- n. 情歌；小曲
- n. (Madrigal)人名；(西)马德里加尔
- madrigal:  Etymologically, madrigal denotes a ‘simple song, such as might just have sprung from the mother’s womb’. It comes ultimately from medieval Latin mātricālis ‘simple, primitive’, a derivative of Latin mātrix ‘womb’. (And mātrix itself, source of English matrix  and matriculate  – etymologically ‘put on a list’, from a later metaphorical use of the Latin noun for ‘list’ – was a derivative of māter ‘mother’.) Mātricālis passed into Italian as madrigale, where it was used as a noun for a ‘simple unaccompanied song’.
=> matriculate, matrix
- madrigal (n.)
- "short love poem," also "part-song for three or more voices," 1580s, from Italian madrigale, probably from Venetian dialect madregal "simple, ingenuous," from Late Latin matricalis "invented, original," literally "of or from the womb," from matrix (genitive matricis) "womb" (see matrix).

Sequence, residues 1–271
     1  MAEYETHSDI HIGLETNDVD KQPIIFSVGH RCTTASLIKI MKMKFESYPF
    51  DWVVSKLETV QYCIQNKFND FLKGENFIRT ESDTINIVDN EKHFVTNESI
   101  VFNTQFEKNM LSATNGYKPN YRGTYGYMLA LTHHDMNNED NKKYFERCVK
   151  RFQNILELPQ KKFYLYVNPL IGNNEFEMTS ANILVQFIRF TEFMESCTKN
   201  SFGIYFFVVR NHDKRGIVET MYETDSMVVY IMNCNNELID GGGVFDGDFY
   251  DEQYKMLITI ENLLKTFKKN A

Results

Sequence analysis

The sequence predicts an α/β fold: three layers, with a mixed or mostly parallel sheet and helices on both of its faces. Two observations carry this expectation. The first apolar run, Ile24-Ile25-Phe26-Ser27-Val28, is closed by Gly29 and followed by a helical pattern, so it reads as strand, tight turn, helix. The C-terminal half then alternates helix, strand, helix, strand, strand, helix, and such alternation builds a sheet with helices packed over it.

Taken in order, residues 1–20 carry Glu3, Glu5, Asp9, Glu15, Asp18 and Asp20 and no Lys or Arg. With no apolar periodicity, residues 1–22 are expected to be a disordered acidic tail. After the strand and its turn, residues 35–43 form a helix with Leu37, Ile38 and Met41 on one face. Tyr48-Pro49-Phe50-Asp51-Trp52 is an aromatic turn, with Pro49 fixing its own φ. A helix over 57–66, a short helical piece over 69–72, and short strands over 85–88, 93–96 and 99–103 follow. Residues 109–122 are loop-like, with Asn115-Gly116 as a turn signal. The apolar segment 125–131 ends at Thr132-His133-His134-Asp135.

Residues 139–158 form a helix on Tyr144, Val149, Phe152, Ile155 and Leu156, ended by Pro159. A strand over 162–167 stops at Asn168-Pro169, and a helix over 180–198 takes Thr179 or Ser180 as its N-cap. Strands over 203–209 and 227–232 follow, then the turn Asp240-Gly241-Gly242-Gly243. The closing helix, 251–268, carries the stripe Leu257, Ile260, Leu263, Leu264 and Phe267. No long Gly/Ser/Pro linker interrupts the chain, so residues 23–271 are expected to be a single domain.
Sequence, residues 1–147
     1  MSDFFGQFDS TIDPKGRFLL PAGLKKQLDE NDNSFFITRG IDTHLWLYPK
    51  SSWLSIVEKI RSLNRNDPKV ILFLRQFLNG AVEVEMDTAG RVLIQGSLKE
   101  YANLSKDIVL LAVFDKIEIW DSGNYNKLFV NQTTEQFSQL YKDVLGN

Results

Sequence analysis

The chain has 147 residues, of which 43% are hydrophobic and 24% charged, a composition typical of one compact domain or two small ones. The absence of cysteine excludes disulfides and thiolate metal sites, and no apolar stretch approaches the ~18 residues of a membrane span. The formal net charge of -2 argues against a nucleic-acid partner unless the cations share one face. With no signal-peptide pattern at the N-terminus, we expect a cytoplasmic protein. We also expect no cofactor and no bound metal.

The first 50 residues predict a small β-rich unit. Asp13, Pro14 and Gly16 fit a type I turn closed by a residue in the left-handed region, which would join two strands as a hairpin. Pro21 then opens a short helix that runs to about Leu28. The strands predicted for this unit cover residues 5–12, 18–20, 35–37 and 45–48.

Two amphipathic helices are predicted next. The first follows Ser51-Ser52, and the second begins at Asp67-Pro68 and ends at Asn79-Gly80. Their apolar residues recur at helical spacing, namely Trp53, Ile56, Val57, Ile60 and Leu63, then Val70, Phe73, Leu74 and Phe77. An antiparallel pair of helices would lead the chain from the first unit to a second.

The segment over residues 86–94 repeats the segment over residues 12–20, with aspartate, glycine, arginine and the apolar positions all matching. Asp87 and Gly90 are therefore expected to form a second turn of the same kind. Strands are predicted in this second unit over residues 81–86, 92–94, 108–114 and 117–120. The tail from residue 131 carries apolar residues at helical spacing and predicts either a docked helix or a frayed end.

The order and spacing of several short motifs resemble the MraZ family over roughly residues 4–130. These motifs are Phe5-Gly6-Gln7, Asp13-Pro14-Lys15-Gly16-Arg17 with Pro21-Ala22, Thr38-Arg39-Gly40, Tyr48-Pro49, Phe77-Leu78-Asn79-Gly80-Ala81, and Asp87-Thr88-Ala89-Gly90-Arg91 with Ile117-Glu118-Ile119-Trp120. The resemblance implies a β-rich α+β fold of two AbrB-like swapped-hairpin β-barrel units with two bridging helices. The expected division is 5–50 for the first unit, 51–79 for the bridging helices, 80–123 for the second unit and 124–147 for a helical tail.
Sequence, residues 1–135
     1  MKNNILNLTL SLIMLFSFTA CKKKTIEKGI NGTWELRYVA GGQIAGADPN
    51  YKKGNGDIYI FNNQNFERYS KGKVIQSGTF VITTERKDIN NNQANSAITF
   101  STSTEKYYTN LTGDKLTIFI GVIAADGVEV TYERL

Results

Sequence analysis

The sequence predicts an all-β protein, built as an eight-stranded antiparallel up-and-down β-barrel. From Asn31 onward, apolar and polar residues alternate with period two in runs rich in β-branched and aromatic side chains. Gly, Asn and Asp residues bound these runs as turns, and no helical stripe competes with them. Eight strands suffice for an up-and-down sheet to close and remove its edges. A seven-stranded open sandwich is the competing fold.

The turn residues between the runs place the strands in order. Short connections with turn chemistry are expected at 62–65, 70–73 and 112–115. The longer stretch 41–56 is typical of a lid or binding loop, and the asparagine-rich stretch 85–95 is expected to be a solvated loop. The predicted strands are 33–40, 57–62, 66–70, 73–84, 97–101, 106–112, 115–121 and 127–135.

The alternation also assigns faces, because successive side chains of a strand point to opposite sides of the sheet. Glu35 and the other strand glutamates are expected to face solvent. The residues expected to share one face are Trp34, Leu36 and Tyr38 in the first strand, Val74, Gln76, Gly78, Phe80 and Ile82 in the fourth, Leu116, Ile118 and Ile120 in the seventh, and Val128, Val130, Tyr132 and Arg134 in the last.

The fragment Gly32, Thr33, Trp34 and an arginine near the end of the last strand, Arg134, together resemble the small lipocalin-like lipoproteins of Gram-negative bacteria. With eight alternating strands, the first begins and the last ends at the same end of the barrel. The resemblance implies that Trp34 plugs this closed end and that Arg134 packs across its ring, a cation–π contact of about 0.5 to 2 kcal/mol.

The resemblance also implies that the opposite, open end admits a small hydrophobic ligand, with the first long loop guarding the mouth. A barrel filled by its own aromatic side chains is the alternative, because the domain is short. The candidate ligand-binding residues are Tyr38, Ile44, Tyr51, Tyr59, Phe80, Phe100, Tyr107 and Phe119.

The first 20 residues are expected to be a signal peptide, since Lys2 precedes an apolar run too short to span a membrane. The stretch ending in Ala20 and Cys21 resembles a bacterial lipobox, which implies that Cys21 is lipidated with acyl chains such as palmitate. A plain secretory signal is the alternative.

- 1. When Mary finally appeared, she made her apologies to Mrs Madrigal.
- 2. Mrs. Madrigal heaped more carrots onto Michael'splate.
- 3. Mrs. Madrigal buttered another piece of toast.
- 4. Mrs. Madrigal began drying dishes.
- 5. You look like a melodious madrigal, beautiful snowy mountain, beautiful prairie.
- 你象一只悠扬的牧歌, 美了雪山, 美了草原.
[ madrigal 造句 ]